Recognising recent tensions arising out of nuclear arms and testing – North Korea and the US are a case in point – the Norwegian Nobel Committee has conferred the 2017 Nobel Peace Prize on the International Campaign to Abolish Nuclear Weapons (ICAN). This was announced on Friday (October 6).
ICAN is a coalition of hundreds of NGOs spread across 100 countries, and is based in Geneva. ICAN played a key role in facilitating the negotiations that led to the signing of the legally binding Treaty on the Prohibition of Nuclear Weapons. While 122 nations signed the Treaty (on July 7) nine nations didn’t. They included US, France and seven other nuclear-armed nations, including India. Netherlands had voted against, while Singapore had abstained.
“The organization is receiving the award for its work to draw attention to the catastrophic humanitarian consequences of any use of nuclear weapons and for its ground-breaking efforts to achieve a treaty-based prohibition of such weapons,” the Committee said in a statement.
The committee said in its formal announcement of this year’s prize that its decision came at time when “the risk of nuclear weapons being used is greater than it has been for a long time”.
It said some states were modernising their nuclear arsenals, and there was “a real danger that more countries will try to procure nuclear weapons, as exemplified by North Korea. Nuclear weapons pose a constant threat to humanity and all life on earth.”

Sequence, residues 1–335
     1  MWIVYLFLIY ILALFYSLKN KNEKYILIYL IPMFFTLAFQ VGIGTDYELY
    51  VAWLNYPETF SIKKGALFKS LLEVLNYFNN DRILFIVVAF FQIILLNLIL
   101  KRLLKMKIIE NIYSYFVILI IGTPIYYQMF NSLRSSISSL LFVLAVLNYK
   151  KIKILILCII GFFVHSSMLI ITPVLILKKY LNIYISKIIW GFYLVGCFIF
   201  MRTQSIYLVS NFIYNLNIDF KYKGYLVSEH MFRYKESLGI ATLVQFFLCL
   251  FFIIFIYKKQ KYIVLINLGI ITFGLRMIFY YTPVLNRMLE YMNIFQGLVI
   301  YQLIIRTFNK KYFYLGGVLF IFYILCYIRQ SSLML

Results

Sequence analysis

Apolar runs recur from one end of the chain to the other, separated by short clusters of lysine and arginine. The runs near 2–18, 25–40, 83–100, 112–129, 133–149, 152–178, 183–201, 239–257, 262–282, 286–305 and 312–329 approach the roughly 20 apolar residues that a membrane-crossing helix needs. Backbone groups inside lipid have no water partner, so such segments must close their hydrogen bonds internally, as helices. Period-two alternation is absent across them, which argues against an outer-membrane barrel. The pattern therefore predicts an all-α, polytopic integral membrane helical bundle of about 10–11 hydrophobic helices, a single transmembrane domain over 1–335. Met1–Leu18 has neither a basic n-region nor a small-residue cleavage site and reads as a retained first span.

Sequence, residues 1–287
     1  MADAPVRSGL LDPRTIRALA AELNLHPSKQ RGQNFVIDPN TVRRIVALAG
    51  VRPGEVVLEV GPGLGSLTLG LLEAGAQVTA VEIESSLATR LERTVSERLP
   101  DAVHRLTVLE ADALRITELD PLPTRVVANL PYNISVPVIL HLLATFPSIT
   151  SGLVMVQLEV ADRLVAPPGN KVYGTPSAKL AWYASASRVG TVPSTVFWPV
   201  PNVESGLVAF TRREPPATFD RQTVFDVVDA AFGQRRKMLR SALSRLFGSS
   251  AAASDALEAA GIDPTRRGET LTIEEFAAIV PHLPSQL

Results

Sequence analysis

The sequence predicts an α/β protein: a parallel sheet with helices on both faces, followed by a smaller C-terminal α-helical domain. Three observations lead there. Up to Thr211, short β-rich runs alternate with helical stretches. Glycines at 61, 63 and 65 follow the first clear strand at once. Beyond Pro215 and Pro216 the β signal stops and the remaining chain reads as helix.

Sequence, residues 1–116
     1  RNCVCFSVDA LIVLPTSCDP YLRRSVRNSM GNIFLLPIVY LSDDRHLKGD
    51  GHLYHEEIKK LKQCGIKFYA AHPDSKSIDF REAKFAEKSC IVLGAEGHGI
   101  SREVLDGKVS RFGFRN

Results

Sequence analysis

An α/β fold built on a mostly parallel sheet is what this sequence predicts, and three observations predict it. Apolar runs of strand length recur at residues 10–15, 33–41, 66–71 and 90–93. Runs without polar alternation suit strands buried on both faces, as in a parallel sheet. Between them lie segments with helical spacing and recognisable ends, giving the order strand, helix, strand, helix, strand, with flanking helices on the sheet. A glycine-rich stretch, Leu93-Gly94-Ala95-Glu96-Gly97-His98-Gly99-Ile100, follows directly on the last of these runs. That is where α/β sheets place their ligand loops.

The international community has previously adopted binding prohibitions against land mines, cluster munitions and biological and chemical weapons, it said, but “nuclear weapons are even more destructive” and have not been outlawed.
ICAN has “helped to fill this legal gap”, describing it as “a driving force in prevailing upon the world’s nations to pledge to cooperate with all relevant stakeholders in efforts to stigmatise, prohibit and eliminate nuclear weapons”.
It said it it wanted to “emphasise that the next steps must involve the nuclear-armed states. This year’s Peace Prize is therefore also a call upon these states to initiate serious negotiations with a view to the gradual, balanced and carefully monitored elimination of the almost 15,000 nuclear weapons in the world.”
It concluded: “It is the firm conviction of the Norwegian Nobel Committee that ICAN, more than anyone else, has in the past year given the efforts to achieve a world without nuclear weapons a new direction and new vigour.”
This is not the first time that an organization has won the Noble Peace Prize for nuclear disarmament. In the year 2005, International Atomic Energy Agency won the prize “for their efforts to prevent nuclear energy from being used for military purposes and to ensure that nuclear energy for peaceful purposes is used in the safest possible way”.
In 2007, the Intergovernmental Panel on Climate Change (IPCC) which was headed by Rajendra Pachauri, former head of TERI, won the Noble Peace Prize. Another Indian recipient, Kailash Satyarthi won the prize in 2014 for the abolition of child labour.